Injuries Suffered as the Result of a Defective Airbag — Are You Entitled to Sue?
Airbags are critical to the safety of both drivers and passengers in the event of an accident (and in fact, some motorcycles even provide frontal airbags as an option when purchasing). The introduction of airbags to American automotive culture has generally been considered a net positive, despite some hiccups along the way. According to the National Highway Traffic Safety Administration (NHTSA), reported by the Insurance Institute for Highway Safety (IIHS), 44,869 lives have been saved by frontal airbags as of 2015, while 2,252 lives have been saved by side airbags as of 2012.
Though airbags are a safety device, the potential for injury caused by or exacerbated by a defective airbag is significant. For maximum effectiveness, an airbag must deploy in a very particular manner during a very narrow window of time. The NHTSA estimates that — in low speed crashes alone — there were 290 fatalities caused by frontal airbag deployment from 1990 to 2008. Many of fatalities and serious injuries associated with frontal airbags during that period were due to the excessive force of airbag deployment, though there were (and continue to be) many other reasons for airbag-related injuries.
If you have been injured due to an airbag deploying in a hazardous manner, or perhaps because an airbag simply failed to deploy, then Arizona law may entitle you to compensation for your injuries pursuant to a defective product claim. Product liability law in Arizona operates somewhat similarly to that of other states. Let’s take a brief look at how it works.
Product Liability Fundamentals
In Arizona, as in many other states, those injured by a defective product — stated in simple terms, a product that is unreasonably dangerous to those who use the product in a foreseeable manner — are entitled to sue the manufacturer of the product (and, ostensibly, those in the chain of distribution) to recover damages. Product liability in Arizona makes manufacturers strictly liable for the injuries caused by their defective products. As a plaintiff, you do not have to prove that the manufacturer negligently created a defective product, such as a defective airbag that failed to deploy — you need only prove that the manufacturer created a defective product.
Proving that the manufacturer created and distributed a defective product is not a simple, straightforward matter. Your attorney will have to show that the product was unreasonably dangerous given the circumstances.
A plaintiff may show that a product is defective through the consumer expectations test or the risk/benefit analysis test (each may be applicable or inapplicable in different circumstances). In the consumer expectations test, if a product fails to perform as an ordinary consumer would reasonably expect it to perform, then the product would be deemed defective. In the risk/benefit analysis test, if the injury risks resulting from a product’s design outweigh the benefits of the design, then the product would be deemed defective.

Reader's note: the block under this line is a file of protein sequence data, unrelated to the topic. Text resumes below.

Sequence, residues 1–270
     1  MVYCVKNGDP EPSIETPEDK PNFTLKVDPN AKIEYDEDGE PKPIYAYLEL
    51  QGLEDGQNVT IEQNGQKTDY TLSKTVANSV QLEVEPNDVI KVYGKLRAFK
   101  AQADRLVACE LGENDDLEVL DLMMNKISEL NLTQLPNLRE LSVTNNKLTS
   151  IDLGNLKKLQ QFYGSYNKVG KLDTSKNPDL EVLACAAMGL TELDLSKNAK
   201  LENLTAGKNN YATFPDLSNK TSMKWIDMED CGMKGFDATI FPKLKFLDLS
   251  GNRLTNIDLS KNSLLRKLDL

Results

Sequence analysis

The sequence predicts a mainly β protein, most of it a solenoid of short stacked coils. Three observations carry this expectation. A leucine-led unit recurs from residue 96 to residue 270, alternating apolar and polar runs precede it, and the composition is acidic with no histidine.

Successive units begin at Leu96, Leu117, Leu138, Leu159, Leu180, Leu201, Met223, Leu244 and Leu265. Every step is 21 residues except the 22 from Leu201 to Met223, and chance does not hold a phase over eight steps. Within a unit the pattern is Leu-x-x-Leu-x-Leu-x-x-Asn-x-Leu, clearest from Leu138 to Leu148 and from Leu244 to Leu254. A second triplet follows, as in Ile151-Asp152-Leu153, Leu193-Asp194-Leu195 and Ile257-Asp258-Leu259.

For example, in a defective airbag case involving an assertion of defective design, if it were revealed that the airbag manufacturer used cheaper materials to save 3% on their manufacturing costs, but this resulted in a 50% spike in fatal accidents, then the airbag would likely be deemed defective under a risk/benefit analysis test.
There are three major types of product liability claims in Arizona.
Design defect claims are brought on the basis that the design of the product exposes foreseeable users to an unreasonable risk of injury.
Manufacturing defect claims are generally limited to “batches” of a product. A manufacturing defect claim might assert that, due to some mishap or mistake in the factory, the airbag at-issue was made with a defect that caused it to deploy with excessive force.
In a failure to warn claim, the plaintiff asserts that the product at-issue exposes users to an inherent risk of injury, and that the defendant failed to warn users of this inherent risk and provide instructions on how to avoid it.
Defective airbag claims can be incredibly difficult to litigate, not only due to the inherent complications of litigation involving a complex product (i.e., factual issues, the need to retain industry experts, etc.), but also because the defendant is often a corporate entity with significant financial and industry clout. To maximize your chance of success, it’s important to work with a qualified Phoenix car accident lawyer who has experience litigating defective airbag claims and other product liability claims. Call (602) 535-1900 to setup a free consultation with one of the experienced accident lawyers at Hirsch & Lyon today.